However, despite the resumption of employment growth from the spring of 2012, the improved jobs outlook failed to feed through into the broader economy. The economy remained in recession, consumer confidence remained at very low levels and, after a brief rally in mid-2012, the value of retail sales started falling once again from November 2012 onwards.

We seemed to be experiencing the reverse of the situation that existed in the early 1990s, when despite apparently strong economic growth there was no increase in employment – so-called "jobless growth" – with one of significant jobs growth but little or no economic growth.

More positive signs

While it has yet to be reflected in the growth statistics, renewed job creation isn’t the only sign that the economy has turned the corner. Consumer confidence recovered to a six-year high in September and, after having fallen for the previous eight months, retail sales recovered strongly in July and August. The value of retail sales rose by 4.5% in July and by 1.1% in August.

A further indication that the economy is on the mend was provided by the purchasing managers’ index for the services sector, which recorded its 14th consecutive monthly increase in September. Oh, and Dublin property prices are also up, admittedly on tiny volumes, with a 10.6% average price increase being recorded in the 12 months to August.

Some problems persist

Of course huge problems remain, not least the truly appalling level of mortgage arrears and the possibility that the banks will require even more capital, on top of the $64bn which they have already received, from the taxpayer.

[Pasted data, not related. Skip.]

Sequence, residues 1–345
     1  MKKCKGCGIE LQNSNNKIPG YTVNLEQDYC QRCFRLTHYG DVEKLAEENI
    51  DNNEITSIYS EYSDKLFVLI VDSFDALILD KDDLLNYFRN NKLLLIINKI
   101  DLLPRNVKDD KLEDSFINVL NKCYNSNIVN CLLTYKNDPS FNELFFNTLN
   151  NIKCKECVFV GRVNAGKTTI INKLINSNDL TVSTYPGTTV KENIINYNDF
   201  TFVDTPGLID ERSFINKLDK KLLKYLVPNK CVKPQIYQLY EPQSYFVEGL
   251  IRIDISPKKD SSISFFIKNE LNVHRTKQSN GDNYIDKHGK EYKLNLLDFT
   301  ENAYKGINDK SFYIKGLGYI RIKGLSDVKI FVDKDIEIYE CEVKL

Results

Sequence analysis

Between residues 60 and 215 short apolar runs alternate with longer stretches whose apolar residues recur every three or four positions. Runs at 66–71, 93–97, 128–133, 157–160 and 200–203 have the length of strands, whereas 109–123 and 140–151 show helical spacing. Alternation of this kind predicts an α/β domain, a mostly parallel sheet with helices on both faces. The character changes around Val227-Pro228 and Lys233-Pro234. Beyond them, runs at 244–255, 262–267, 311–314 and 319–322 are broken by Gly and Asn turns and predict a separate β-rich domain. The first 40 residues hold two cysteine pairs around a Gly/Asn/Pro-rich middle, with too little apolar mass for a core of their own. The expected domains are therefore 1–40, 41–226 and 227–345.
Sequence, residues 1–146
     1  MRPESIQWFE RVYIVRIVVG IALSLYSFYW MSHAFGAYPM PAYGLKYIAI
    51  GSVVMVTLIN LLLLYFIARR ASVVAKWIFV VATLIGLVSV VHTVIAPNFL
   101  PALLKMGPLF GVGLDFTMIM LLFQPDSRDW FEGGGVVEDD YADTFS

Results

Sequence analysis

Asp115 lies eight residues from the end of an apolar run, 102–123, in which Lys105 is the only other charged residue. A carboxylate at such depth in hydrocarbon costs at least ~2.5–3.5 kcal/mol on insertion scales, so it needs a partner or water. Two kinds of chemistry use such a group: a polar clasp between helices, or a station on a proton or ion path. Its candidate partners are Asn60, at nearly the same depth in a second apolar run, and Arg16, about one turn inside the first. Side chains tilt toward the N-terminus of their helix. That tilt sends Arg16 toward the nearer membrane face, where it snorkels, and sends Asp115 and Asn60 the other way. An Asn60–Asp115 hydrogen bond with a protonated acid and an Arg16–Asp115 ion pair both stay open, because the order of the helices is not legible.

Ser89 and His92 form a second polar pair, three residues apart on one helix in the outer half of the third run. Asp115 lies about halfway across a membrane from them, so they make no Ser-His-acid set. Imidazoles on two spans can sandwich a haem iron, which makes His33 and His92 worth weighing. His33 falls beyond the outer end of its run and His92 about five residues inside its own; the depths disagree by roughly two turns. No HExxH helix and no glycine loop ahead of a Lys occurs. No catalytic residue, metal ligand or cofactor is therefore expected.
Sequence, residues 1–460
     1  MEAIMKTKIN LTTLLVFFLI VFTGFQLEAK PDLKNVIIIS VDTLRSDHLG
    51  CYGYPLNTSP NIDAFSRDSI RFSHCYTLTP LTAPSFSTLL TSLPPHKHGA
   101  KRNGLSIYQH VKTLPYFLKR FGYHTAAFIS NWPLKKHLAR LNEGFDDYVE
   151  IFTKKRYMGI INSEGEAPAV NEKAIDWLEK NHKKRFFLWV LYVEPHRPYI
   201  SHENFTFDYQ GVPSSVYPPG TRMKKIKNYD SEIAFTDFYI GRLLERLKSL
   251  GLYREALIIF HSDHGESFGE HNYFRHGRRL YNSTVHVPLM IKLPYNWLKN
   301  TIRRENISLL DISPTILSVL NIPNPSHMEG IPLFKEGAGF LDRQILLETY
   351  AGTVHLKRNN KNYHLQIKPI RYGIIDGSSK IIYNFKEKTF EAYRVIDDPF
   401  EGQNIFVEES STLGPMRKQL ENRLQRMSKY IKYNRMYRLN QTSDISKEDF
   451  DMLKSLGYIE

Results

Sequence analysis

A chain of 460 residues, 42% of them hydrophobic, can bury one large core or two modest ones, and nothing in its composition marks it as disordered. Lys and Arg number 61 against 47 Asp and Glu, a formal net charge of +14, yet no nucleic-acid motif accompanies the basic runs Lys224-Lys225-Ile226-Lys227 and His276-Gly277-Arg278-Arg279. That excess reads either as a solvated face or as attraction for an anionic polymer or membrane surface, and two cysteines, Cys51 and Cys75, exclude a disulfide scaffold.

While we would be wise not to succumb to premature euphoria, it is clear that, after five years of constant bad news, things have at least stopped getting worse for the Irish economy. Jobs numbers are up, unemployment is down, confidence is rising and the public finances are finally under some sort of control.

The end-September exchequer returns showed that while tax revenues for the first nine months of the year were bang on target, public spending was running slightly under budget. This means that the government should comfortably meet its full-year target of a budget deficit equivalent of 7.5% of GDP. 

Choices on the cards

The improved economic and fiscal outlook gives Michael Noonan something he lacked when he was framing his first two budgets – choices. While the overall shape of the 2014 budget will still be largely determined by the 5.1% budget deficit agreed with the troika, the Finance Minister is no longer tied to the €3.1bn budget deficit figure. While Labour is unlikely to get all of the €600m reduction in the 2014 budget deficit it has been seeking, don’t be surprised if Michael Noonan meets it half-way, say €2.8bn-€2.9bn.

So what should Michael Noonan be aiming for when he gets up to deliver his budget speech on 15 October?

Under-estimating austerity impact

We now know courtesy of the IMF that it and other international bodies, including the ECB and EU, massively under-estimated the impact of austerity on the peripheral Eurozone economies. Instead of reducing economic activity by 50 cent, every euro of tax increases and spending cuts knocked a euro or even more off the value of economic activity meaning that austerity, far from helping matters, made an already bad situation even worse.

So Michael Noonan should strive to ensure that, whatever he does in his budget, he doesn’t compound this error. He should do whatever he can to encourage our emerging economic revival rather than making the sort of mistakes that will push the Irish economy back into recession.